Three Cebu universities to hike tuition this year

Posted on April 11, 2012

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Three major universities in Cebu City will increase tuition by at least 6.5 percent this coming 2012-2013 school year.

The move followed an earlier announcement of 26 private elementary and secondary schools in Central Visayas to raise their tuition for the coming school year.

The University of San Jose Recoletos (USJ-R) will implement a 6.5 increase in tuition, the Cebu Institute of Technology-University (CIT-U) will implement a 7 percent raise, and the University of San Carlos (USC) will hike tuition in all levels by 10 percent.

The University of the Visayas will only collect a 5 percent increase in tuition of incoming first year students. The increase, however, excludes those freshmen taking up Law, Medicine and Dentistry courses in UV.

Four other major universities, however, won’t implement any increase. These are the University of Cebu (UC), South Western University (SWU), Cebu Normal University (CNU) and Cebu Technological University (CTU).

The Office of the Commission on Higher Education (CHED, however, said that it couldn’t release the names of the schools which had pending applications for a tuition increase until May.

In a random check with the school authorities, officials from the Cebu Institute of Technology-University confirmed the 7 percent increase.

They said this would apply to all levels from pre-school to tertiary levels.

They said that in CIT-U engineering courses, the rates would increase from P18,191 in the previous school year to P21,358.69/semester in the coming school year.

While in Nursing course, the rate will be raised from P28,383 to P30,361.

Noe Quiñanola, comptroller of USJ-R, said the 6.5 percent increase in all levels was mainly for the increase of the salaries of the teachers and personnel of the school.

The USC Accounting office for its part also confirmed that 10 percent increase would be collected in all levels.

Dr. Gil Jumao-as, budget officer of the University of the Visayas, said the 5 percent tuition adjustment would only apply to the incoming first year students in the elementary, secondary, and tertiary levels.

For the University of Cebu, Rudy Aviles, Instructional Media Service Director, said the school wouldn’t implement any increase because of its commitment to help the poor and even those students coming from middle class families.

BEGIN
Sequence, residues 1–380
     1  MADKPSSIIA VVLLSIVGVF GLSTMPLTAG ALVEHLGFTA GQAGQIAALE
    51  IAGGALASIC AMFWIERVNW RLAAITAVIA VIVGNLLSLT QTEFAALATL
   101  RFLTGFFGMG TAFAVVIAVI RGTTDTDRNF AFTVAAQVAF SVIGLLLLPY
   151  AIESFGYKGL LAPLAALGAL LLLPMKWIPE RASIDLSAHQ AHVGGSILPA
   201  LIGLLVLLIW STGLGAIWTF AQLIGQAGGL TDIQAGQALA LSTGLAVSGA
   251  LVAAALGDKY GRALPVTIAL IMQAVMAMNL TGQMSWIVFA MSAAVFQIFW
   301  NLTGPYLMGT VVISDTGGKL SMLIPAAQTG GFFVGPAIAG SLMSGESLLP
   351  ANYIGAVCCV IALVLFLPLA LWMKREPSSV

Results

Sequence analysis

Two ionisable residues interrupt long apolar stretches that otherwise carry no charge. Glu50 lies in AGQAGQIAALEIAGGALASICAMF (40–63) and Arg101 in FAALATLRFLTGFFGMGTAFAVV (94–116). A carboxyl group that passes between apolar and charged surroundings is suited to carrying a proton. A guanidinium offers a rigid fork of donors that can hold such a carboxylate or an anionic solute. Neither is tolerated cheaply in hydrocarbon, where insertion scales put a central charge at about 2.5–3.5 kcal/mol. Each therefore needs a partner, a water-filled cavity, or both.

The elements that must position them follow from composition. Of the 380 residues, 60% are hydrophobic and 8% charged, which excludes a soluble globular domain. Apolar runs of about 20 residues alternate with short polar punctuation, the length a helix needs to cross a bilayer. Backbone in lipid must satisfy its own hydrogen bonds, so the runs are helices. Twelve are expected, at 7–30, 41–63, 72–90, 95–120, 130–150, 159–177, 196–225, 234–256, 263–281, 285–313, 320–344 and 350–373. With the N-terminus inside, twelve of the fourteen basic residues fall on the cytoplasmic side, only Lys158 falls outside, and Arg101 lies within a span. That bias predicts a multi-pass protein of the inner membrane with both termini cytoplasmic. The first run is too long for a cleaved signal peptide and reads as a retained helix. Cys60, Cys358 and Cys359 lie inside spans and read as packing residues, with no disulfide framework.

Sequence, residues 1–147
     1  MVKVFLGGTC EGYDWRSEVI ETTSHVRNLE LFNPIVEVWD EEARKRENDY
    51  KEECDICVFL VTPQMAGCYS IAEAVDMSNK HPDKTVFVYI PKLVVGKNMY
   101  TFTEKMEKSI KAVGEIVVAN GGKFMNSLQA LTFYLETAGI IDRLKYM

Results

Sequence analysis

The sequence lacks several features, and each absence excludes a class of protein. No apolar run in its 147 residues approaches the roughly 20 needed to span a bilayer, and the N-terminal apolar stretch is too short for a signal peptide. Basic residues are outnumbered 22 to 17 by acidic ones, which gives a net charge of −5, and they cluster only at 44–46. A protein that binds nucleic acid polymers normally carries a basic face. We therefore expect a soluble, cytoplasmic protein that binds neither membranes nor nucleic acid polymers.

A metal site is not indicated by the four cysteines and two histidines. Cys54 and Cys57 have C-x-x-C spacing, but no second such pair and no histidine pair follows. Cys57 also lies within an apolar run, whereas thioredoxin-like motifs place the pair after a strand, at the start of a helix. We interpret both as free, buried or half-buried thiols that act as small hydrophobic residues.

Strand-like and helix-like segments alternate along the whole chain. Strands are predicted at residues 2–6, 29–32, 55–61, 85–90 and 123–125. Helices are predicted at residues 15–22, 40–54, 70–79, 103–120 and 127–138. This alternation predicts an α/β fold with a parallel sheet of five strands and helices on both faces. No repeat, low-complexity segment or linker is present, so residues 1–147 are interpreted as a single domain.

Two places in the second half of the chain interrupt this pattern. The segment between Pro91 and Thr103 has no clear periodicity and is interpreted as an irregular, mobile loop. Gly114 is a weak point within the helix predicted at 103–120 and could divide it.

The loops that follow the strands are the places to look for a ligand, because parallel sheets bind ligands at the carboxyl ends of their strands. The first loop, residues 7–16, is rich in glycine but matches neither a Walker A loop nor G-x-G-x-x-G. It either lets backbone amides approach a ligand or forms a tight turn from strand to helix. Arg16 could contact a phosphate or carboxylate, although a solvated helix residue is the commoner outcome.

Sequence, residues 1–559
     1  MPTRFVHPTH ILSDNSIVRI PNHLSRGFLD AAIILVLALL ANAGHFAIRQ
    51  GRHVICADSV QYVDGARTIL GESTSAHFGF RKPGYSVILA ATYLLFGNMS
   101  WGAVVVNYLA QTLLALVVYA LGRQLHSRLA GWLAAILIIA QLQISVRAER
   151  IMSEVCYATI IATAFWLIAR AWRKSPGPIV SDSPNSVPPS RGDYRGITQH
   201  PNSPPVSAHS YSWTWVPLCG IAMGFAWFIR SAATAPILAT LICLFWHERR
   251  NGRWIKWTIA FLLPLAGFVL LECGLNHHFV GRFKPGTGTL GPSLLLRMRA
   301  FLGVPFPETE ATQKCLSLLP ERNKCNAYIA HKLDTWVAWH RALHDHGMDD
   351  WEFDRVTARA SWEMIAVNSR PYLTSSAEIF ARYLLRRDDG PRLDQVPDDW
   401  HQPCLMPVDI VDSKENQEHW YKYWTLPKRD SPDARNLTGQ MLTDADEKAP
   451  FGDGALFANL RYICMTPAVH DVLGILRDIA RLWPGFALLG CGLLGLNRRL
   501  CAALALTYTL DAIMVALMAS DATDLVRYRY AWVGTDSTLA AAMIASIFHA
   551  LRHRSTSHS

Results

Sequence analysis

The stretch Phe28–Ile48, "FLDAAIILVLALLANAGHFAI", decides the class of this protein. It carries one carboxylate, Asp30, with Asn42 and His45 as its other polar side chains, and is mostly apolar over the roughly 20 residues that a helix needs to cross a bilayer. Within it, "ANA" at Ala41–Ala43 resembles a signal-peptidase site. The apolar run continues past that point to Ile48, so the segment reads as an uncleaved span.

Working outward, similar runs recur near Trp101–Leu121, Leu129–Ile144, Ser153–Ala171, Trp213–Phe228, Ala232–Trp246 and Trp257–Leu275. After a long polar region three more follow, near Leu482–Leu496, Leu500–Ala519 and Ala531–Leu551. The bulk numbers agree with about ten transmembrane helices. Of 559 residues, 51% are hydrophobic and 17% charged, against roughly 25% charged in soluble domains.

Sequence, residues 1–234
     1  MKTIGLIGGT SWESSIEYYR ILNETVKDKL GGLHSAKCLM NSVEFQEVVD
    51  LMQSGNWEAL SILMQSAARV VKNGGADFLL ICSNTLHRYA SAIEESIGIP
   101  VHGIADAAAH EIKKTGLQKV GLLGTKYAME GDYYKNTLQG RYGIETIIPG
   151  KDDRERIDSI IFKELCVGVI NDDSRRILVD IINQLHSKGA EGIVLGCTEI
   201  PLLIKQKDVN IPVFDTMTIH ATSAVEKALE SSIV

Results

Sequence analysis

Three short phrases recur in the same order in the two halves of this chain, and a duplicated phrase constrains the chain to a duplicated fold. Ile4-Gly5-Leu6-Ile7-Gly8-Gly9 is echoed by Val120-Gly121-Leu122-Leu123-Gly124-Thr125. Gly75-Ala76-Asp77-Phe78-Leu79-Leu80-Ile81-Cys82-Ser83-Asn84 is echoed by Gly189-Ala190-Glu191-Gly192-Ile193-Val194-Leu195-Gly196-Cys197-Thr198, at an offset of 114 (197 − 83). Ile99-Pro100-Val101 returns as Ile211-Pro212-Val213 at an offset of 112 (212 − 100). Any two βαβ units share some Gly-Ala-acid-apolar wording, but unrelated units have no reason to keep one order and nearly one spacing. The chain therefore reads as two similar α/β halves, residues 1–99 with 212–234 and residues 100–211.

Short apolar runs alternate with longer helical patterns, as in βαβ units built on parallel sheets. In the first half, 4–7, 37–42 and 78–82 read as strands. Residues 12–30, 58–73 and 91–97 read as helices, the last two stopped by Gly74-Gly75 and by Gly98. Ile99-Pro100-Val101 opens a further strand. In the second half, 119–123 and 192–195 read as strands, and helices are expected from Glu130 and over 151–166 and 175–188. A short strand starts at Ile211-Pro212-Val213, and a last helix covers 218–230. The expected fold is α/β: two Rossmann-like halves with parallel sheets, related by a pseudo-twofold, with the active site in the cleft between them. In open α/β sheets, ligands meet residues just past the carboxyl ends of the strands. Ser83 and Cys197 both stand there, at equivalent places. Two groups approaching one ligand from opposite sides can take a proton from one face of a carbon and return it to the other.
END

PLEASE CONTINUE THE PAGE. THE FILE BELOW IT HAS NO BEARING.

Aviles said this coming school year, the school would even give additional slots for scholars.

SWU president Elsa Suralta said it’s not time yet to ask for another increase since the school already increased tuition two years ago.

Suralta said they also wanted to help the students to finish their studies knowing the financial difficulties at this time.

For CTU, Jerlito Letrondo, executive assistant to the president, said the school was subsidized by the government and so it would be all right not to seek for an increase.

CTU students will only have to pay P7,500 per semester in all courses.

For CNU, Edwin Monsanto, CNU accountant, also said that the school wouldn’t seek an increase because it, too, was subsidized by the government.

CNU students in education and other courses will just pay around P3,000 except for nursing wherein the students will have to pay ranging from P15,000 to P18,000 per semester.
Students, however, in CTU and CNU will have to pass the entrance exam and other screening processes before they will be enrolled.

Meanwhile, Aaron Pedrosa of the Freedom from Debt Coalition criticized the schools implementing the tuition increase.

“Private schools have chosen to be oblivious of the plight of Filipino families amid the incessant rising cost of commodities and utilities in applying for a new wave of increases in tuition and other fees ,” Pedrosa said.

“We call on the government to take a more proactive role in regulating tuition increase applications and to abandon its deregulation philosophy. We need government where it matters,” Pedrosa said. /Jhunnex Napallacan, Correspondent
 

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